The April Orders were triggered by various rehearing and clarification requests submitted by PJM as well as certain utilities, cooperatives, consumer advocates, public utility commissions and groups representing public and municipal power, states, industrials and clean energy, some of which contend that the MOPR Rules unjustifiably interfere with state decisions to bring low-cost and reliable clean energy to their communities.

The April Orders reaffirm and build on FERC’s June 2018 and December 2019 orders, and clarify some issues, including that renewable energy credits (RECs) in purely voluntary (i.e., not part of a mandatory RPS program) market transactions are not considered state subsidies and will not trigger the MOPR, assuming such voluntary RECs will not be resold for RPS compliance. FERC also determined that the Regional Greenhouse Gas Initiative will not trigger the MOPR because it does not provide payments, concessions, rebates, or other financial benefits to resources.8 Resources eligible for the RPS exemption from the MOPR include all existing resources included for an RPS program as of the December 2019 Order. Some states have expressed concerns over how the MOPR will impact their ability to deploy low carbon resources across their territories, and New Jersey and Illinois have raised the possibility of seeking resources outside the PJM capacity auction. FERC maintains that the MOPR and the PJM capacity market bring significant benefits to consumers.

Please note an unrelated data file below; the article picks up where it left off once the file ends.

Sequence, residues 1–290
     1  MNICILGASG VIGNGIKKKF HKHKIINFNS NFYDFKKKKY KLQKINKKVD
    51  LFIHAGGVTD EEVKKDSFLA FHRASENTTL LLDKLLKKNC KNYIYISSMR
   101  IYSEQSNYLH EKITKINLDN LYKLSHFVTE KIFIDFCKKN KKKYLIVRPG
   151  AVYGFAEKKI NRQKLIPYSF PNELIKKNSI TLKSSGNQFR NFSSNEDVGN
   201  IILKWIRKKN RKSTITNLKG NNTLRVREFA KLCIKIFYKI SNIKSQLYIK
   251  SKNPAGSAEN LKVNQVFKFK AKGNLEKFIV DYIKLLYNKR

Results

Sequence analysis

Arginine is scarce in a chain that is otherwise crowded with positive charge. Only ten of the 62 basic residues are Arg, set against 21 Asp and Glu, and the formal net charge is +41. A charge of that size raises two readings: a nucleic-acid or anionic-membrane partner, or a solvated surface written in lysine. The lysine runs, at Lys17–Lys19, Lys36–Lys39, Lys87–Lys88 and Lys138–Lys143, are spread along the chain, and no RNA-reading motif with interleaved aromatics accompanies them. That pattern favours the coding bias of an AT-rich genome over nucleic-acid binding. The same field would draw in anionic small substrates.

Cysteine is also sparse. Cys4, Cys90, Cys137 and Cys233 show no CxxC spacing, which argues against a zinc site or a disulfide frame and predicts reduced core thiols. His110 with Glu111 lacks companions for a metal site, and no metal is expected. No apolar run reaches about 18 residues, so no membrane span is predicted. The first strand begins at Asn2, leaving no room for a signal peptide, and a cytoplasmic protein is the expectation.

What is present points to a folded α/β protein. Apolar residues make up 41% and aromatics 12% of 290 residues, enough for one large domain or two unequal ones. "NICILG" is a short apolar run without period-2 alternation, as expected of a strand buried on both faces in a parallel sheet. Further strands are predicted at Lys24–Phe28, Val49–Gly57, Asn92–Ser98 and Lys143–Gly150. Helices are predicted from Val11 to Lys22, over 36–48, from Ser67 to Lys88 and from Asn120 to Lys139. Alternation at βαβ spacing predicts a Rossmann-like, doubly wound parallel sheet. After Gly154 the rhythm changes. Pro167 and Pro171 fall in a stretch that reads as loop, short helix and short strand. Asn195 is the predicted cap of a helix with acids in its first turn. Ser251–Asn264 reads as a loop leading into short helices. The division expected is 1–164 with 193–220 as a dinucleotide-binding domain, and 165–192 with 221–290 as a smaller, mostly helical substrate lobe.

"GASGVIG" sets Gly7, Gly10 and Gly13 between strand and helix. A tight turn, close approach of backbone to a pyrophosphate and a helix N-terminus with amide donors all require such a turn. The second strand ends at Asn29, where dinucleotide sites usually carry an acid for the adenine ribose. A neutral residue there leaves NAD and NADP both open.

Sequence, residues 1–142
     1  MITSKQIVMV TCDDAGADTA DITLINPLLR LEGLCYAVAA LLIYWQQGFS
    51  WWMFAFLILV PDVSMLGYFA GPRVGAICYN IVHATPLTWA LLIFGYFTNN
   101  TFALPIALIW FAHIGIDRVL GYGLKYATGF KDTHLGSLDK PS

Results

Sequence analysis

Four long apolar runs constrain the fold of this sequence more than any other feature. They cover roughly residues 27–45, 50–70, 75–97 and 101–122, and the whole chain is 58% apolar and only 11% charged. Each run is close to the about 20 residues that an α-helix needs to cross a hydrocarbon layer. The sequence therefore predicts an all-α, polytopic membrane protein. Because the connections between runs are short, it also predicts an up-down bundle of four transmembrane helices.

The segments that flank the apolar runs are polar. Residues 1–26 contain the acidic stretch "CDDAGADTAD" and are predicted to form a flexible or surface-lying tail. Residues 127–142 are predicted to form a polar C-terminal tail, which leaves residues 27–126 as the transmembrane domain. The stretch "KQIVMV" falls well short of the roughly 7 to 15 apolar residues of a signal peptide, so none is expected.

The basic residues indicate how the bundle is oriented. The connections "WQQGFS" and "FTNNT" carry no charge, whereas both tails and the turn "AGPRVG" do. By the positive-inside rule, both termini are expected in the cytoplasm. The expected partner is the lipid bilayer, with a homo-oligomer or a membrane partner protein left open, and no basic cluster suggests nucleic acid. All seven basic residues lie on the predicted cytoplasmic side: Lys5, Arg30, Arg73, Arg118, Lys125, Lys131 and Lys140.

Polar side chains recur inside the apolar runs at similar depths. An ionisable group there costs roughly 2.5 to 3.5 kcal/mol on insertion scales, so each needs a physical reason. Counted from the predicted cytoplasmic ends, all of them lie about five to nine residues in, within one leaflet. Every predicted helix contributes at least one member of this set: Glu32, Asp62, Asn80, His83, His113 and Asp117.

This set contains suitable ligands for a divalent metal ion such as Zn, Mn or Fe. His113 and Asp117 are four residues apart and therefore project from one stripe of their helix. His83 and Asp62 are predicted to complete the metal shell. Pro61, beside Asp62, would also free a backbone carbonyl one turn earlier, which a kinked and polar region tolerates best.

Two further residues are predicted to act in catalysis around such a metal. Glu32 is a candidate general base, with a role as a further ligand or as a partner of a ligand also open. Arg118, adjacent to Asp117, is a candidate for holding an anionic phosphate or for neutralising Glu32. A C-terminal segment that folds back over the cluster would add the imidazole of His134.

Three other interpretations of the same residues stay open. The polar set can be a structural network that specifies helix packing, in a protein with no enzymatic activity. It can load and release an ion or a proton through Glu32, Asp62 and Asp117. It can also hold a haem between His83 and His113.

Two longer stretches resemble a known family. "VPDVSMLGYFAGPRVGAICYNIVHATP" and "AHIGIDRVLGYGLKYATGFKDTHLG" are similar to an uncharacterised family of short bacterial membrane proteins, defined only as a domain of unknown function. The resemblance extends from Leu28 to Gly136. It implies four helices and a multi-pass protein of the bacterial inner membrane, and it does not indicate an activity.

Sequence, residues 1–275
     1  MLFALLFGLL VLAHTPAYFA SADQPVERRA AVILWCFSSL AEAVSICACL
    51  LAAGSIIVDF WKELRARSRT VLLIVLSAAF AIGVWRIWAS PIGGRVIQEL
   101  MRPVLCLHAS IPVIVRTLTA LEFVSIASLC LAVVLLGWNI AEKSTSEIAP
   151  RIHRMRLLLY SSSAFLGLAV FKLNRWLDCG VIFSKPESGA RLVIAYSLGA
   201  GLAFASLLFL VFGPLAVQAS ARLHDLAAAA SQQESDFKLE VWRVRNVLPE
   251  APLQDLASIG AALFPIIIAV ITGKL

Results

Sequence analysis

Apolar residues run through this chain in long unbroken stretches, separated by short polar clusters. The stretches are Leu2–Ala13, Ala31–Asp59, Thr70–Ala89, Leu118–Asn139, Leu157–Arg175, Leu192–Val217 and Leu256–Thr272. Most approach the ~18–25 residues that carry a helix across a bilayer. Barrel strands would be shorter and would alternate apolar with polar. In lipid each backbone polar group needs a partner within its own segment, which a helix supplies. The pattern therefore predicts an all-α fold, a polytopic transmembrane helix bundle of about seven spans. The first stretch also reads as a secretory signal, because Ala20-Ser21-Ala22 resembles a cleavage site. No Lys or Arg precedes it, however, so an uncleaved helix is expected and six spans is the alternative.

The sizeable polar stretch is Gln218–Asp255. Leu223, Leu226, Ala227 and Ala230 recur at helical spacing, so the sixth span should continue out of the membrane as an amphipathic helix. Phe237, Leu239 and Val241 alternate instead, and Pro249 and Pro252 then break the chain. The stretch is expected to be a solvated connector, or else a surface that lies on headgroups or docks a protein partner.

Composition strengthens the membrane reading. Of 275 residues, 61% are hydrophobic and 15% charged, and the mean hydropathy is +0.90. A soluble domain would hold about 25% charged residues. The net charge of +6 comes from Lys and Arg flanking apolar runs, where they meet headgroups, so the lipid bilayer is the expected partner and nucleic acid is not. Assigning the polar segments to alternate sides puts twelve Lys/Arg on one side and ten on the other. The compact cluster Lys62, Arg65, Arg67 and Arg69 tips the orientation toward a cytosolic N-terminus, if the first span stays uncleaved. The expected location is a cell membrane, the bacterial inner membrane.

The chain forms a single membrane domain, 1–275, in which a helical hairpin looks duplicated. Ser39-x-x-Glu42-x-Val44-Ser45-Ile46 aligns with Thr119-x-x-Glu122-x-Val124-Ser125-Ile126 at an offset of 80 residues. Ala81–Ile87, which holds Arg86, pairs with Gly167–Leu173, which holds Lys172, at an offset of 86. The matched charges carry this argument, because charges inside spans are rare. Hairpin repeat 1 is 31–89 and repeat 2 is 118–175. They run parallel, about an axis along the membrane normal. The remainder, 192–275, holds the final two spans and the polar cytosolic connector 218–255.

Commissioner Glick dissented, arguing that the April Orders are illegal, illogical and “truly bad policy.” Glick contended that the April Orders will dramatically increase capacity prices while slowing the region’s transition to clean energy despite the expressed desires of consumers and the states.9

Petitions for review of the MOPR orders already have been submitted by, for example, the Illinois Commerce Commission to the U.S. Court of Appeals for the Seventh Circuit and by the American Public Power Association and American Municipal Power, Inc. jointly, and a ratepayer advocates group to the District of Columbia Circuit. In this controversial proceeding, other petitions for review will follow.

Certain market participants also continue to urge FERC to resume the capacity market auctions and approve PJM’s MOPR compliance filing dated March 18, 2020, made in accordance with the December 2019 Order, which incorporates modified MOPR design elements into its capacity market rules that some entities argue better recognize the renewable energy’s value in capacity markets.

1 PJM Interconnection, LLC, 171 FERC ¶ 61,034 (April 16, 2020) (Docket Nos. EL16-49-001, EL 18-178-001, ER18-1314-002 (consolidated)) and 171 FERC ¶ 61,035 (April 16, 2020) (Docket Nos. EL16-49-002, and EL 18-178-002 (consolidated)) (collectively, the “April Orders”). Commissioner Glick dissented from both orders.

2 163 FERC ¶ 61,236 (2018) (“June 2018 Order”).